Page 1 of 50 - About 500 essays
  • The Salmon Fisheries

    993 Words  | 4 Pages

    In my hometown, a local diner serves “Honey dipped Salmon.” They claim that the dish is prepared using a species of Salmon, called Chinook, which is a product of the Alaska Salmon fisheries. Since Chinook salmon is an anadromous specie, it is born in the fresh water, migrates to the ocean for 1-5 years and then returns to the Main-channel Rivers to spawn. The female lays around 3,000-14,000 eggs that are successfully fertilized by the males, however the eggs are very brittle and can be easily destroyed

  • Salmon : The Salmon Run

    819 Words  | 4 Pages

    The salmon migration, commonly referred to as the “Salmon Run,” is a natural occurrence that happens only once a year. Oncorhynchus, also known as Pacific Salmon, are the most common type of salmon on the planet. Pacific Salmon are better known under the following five species groups: Sockeye, Pink, Coho, Chum, and Chinook. Salmon are known for their amazing flavor and tender meat which is commonly found in most fish markets around the United States. What people do not realize, is the amazing journey

  • The Problems Of Farmed Salmon

    2169 Words  | 9 Pages

    In recent years Pacific salmon have felt the true burdens of the aquaculture productions of farmed salmon in the natural rivers that have hosted these salmon for centuries. Salmon farming has been on the rise since the early 1990s and over these twenty-five years, it has put an immense amount of pressure on the wild salmon population and their ability to spawn. These negative impacts can be directly link to numerous problems with farmed salmon, which includes the pollution and contamination they

  • Mercury and Commercial Salmon

    3188 Words  | 13 Pages

    Commercial salmon is an important source of nutrition for humans in both urban populations and aboriginal peoples. However, mercury contamination in salmonids has been a rising concern not only for the health of humans but for the health of wildlife and ecosystems that are affected by it. Mercury is distributed widely through the environment through natural processes, but anthropogenic processes have been increasing mercury concentrations in the environment to dangerous levels through direct deposition

  • The Effects Of Salmon Farming On The Salmon Population Essay

    1134 Words  | 5 Pages

    for fish led to a boom in the salmon farming industry (Naylor, et al., 1998). Unfortunately, the consequences of salmon farming outweigh the value that comes with it. Even though salmon farming is steadily becoming more sustainable, salmon farming is not a suitable and environmentally sound way of producing food due to the negative issues salmon farming has caused in the environment, the salmon population, and the health of humans. Salmon farming effects to wild salmon population Scientists of various

  • Salmon Fishing Tackle : Salmon Fishermen Tackle

    947 Words  | 4 Pages

    Salmon Fishing Tackle Troutman: "You can spend a small fortune on salmon fishing tackle if you add up the cost of a boat, fuel to run the boat, beer, a place to store the boat in the off-season, and all the gear. That is the bad news, but the good news is that you don 't have to spend that much money. Really all you need is a reel and a rod and know where to fish from shore. I once added up my cost and it worked out to be over $129 per pound of salmon. Now this is information you do not want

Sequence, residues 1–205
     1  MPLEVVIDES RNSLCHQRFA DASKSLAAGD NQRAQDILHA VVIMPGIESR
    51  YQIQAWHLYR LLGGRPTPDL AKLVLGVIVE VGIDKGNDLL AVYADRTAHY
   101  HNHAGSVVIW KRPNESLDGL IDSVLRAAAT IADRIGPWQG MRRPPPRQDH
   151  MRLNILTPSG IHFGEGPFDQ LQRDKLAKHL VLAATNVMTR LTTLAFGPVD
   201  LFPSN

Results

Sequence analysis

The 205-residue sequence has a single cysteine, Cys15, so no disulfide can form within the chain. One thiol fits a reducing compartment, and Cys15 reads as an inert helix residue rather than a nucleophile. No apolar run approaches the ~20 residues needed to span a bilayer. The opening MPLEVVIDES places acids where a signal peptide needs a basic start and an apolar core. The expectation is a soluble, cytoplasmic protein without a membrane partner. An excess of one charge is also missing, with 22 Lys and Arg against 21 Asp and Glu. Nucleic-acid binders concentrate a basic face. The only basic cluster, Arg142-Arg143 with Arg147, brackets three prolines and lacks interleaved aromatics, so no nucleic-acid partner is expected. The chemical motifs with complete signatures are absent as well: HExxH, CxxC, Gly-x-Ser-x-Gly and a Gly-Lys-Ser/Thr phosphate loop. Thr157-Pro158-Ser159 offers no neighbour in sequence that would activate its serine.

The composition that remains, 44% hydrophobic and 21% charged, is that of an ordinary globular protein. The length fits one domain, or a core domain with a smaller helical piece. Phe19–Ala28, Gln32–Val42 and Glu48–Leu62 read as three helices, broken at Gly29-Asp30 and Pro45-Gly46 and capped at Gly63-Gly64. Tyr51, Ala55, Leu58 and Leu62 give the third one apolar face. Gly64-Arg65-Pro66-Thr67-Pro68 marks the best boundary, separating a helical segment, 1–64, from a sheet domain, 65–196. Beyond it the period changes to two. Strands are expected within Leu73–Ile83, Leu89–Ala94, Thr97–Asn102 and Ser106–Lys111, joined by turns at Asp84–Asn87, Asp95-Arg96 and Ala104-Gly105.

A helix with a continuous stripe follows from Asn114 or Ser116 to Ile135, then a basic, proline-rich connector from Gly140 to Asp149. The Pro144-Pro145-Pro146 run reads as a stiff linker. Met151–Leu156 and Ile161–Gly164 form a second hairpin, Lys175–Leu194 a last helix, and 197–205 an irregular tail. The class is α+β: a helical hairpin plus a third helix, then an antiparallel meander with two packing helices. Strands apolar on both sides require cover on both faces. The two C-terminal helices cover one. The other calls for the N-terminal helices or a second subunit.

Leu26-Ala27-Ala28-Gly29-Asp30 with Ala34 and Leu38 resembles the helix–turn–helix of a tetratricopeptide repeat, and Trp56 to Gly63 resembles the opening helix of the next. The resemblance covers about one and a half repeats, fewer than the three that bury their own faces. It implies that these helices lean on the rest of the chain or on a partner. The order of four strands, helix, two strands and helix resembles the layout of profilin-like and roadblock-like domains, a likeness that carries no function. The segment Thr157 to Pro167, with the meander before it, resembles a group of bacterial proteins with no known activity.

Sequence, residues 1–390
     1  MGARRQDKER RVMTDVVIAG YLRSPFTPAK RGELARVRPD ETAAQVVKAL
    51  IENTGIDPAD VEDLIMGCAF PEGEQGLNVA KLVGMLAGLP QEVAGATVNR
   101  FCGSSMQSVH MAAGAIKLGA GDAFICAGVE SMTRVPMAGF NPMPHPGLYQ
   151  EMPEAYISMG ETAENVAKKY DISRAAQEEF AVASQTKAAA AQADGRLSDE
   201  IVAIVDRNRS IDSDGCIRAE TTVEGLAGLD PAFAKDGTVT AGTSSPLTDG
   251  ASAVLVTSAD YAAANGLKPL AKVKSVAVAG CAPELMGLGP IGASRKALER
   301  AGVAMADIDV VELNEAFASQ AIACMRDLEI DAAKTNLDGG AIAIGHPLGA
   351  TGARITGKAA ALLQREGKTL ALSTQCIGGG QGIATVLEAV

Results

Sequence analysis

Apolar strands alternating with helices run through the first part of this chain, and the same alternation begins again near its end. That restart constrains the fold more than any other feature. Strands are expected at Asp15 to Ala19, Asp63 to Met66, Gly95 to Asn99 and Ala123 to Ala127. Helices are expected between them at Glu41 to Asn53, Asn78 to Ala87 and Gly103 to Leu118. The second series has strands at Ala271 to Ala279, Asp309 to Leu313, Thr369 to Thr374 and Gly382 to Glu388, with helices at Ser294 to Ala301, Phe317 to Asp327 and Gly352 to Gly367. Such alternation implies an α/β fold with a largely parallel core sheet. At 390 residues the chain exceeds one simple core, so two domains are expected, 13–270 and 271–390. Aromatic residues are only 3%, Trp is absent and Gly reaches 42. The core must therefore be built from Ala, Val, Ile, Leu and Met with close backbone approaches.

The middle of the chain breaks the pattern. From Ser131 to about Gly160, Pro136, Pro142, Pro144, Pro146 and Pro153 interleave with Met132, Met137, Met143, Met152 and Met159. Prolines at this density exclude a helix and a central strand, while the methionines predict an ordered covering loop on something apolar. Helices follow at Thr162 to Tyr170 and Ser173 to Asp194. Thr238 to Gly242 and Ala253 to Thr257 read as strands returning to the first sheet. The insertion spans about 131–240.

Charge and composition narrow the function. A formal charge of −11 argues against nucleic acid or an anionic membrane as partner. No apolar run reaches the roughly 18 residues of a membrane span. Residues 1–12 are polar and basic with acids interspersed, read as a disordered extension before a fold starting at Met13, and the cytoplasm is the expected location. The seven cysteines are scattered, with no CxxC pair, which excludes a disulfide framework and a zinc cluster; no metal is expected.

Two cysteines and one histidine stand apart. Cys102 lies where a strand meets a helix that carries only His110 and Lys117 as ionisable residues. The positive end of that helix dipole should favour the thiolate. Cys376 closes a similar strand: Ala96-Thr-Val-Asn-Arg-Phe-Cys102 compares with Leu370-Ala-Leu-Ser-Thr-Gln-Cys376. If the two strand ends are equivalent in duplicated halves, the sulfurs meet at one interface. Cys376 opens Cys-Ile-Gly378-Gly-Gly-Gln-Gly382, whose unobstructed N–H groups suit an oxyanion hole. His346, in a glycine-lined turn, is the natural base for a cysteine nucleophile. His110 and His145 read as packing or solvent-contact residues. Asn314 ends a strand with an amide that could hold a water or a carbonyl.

• Evolution Of The Declining Salmon Populations

    1672 Words  | 7 Pages

    Researchers believe that the declining salmon populations are mainly the result of the four H’s, harvesting habits, hydropower, habitat loss, and hatchery fish (Ruckelshaus et al., 2002, pp. 679). Harvesting habits refers to the impact overfishing has on the salon populations (Ruckelshaus et al., 2002, pp. 679). Every year, around 385,000 metric tons of Pacific salmon are caught by commercial fisherman and with weak stock conditions, the natural life cycle of these fish cannot keep up (Knapp, 2007)

  • Salmon Farming Problems

    293 Words  | 2 Pages

    Salmon farming is becoming more and more popular as salmon population increases. Currently, over half the salmon sold globally is farm-raised in Northern Europe, Chile, Canada, and the United States, and the annual global production of farmed salmon has risen from 24,000 to over 1 million metric tons during the past two decades (Hites, pg. 226). Because salmon farms are so widespread, salmon from farms in northern Europe, North America, and Chile are now available widely year-round at relatively

  • Chinook Or King Salmon

    359 Words  | 2 Pages

    Pacific there are five species of salmon. Each kind of salmon is known by different names like, Chinook (king), sockeye (red), coho (silver), chum (dog), and pink (humpback). These are all valuable, but the Chinook or King Salmon were the prize of the Columbia River system. In the late 1800s about 2,500,000 cans of salmon nearly filled a cannery store and storage rooms in Astoria, Oregon. Fresh, salted, dried, and smoked were the only options for preserving and eating salmon before the spread of canning

  • U.s. Salmon Aquaculture : Ethical Issues

    1390 Words  | 6 Pages

    U.S. Salmon Aquaculture: Ethical Issues in Farmed Salmon Kimberly Jones Troy University Dr. Miller   Abstract There are many ethical arguments surrounding aquaculture. The salmon industry in the United States has many ethical concerns in relation to farmed salmon. This paper will first discuss the salmon industry, then discuss specific ethical issues facing farmed salmon, and finally review any laws, regulations or relief efforts in place to reduce these ethical concerns, or that aggravate these